Nose dryness can be caused by a dry environment and certain medications, or in rare situations, by Sjögren's syndrome, according to Healthgrades. Dry environmental conditions due to climate or an air conditioner dry up the nose, which can lead to respiratory problems.
Other common environmental conditions that lead to nose dryness include indoor heating and a sauna without steam, notes Healthgrades. Common medications, such as antibiotics, antihistamines and decongestants, can also result in a dry nose. People who abuse congestion relieving drugs, such as nasal sprays, can experience nose dryness as well.
Sjögren's syndrome is an autoimmune condition that occurs when the immune system destroys the body's moisture-producing glands, according to Cleveland Clinic. Areas of the body that may be affected include saliva-producing and tear-producing glands, lungs and bowels. A person with Sjögren's syndrome may experience enlarged parotid glands and often has extremely dry eyes and mouth, a decreased sense of taste, fatigue, and an increase in dental cavities. Less common symptoms include skin rashes, memory loss, inflammation of certain organs, lymphatic cancer and thyroid gland abnormalities.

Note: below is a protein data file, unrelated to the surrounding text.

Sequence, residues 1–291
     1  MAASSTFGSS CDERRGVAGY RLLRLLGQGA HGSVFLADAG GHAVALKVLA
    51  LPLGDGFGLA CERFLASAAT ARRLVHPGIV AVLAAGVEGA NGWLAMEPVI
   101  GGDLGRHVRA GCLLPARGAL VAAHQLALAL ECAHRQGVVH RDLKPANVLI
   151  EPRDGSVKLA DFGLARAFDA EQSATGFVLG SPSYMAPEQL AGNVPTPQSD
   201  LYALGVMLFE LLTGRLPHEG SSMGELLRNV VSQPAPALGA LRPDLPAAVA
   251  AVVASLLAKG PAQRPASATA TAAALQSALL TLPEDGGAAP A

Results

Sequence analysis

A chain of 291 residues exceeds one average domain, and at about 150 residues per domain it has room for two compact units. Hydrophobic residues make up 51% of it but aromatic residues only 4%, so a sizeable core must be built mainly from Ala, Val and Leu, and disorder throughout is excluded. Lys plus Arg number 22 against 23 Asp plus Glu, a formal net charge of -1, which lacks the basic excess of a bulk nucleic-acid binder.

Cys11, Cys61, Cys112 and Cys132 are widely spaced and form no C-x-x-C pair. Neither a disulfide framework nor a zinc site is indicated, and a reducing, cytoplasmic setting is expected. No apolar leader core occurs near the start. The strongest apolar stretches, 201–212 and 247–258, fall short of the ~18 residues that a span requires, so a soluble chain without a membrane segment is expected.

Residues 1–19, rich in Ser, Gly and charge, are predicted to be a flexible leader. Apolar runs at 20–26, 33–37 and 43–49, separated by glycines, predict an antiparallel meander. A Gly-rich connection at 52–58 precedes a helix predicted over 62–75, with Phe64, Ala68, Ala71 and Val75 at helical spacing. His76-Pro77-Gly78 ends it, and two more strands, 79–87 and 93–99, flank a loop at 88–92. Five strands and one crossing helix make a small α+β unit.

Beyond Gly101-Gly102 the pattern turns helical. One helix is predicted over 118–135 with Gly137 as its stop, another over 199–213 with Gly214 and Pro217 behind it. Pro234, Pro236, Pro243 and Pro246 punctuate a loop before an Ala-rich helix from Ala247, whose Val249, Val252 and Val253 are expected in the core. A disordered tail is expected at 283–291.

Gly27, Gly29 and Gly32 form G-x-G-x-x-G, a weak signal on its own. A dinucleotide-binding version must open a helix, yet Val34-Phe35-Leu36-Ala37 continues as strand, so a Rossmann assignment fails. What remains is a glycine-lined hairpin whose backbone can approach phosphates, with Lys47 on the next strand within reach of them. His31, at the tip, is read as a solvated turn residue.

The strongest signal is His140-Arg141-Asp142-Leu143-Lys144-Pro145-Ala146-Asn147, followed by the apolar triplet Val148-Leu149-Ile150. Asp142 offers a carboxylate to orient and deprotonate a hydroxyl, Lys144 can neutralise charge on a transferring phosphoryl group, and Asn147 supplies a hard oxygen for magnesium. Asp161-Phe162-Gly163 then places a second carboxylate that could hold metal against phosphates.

Sjögren's syndrome can be of two forms, primary or secondary, explains Cleveland Clinic. In primary Sjögren's syndrome, the disease is not associated with other illnesses, whereas in secondary Sjögren's syndrome, the disease arises due to another autoimmune condition, such as psoriatic arthritis. There is no known cause for the disease, but factors such as the environment, abnormal immune response, sex hormones and inheritance can contribute to it.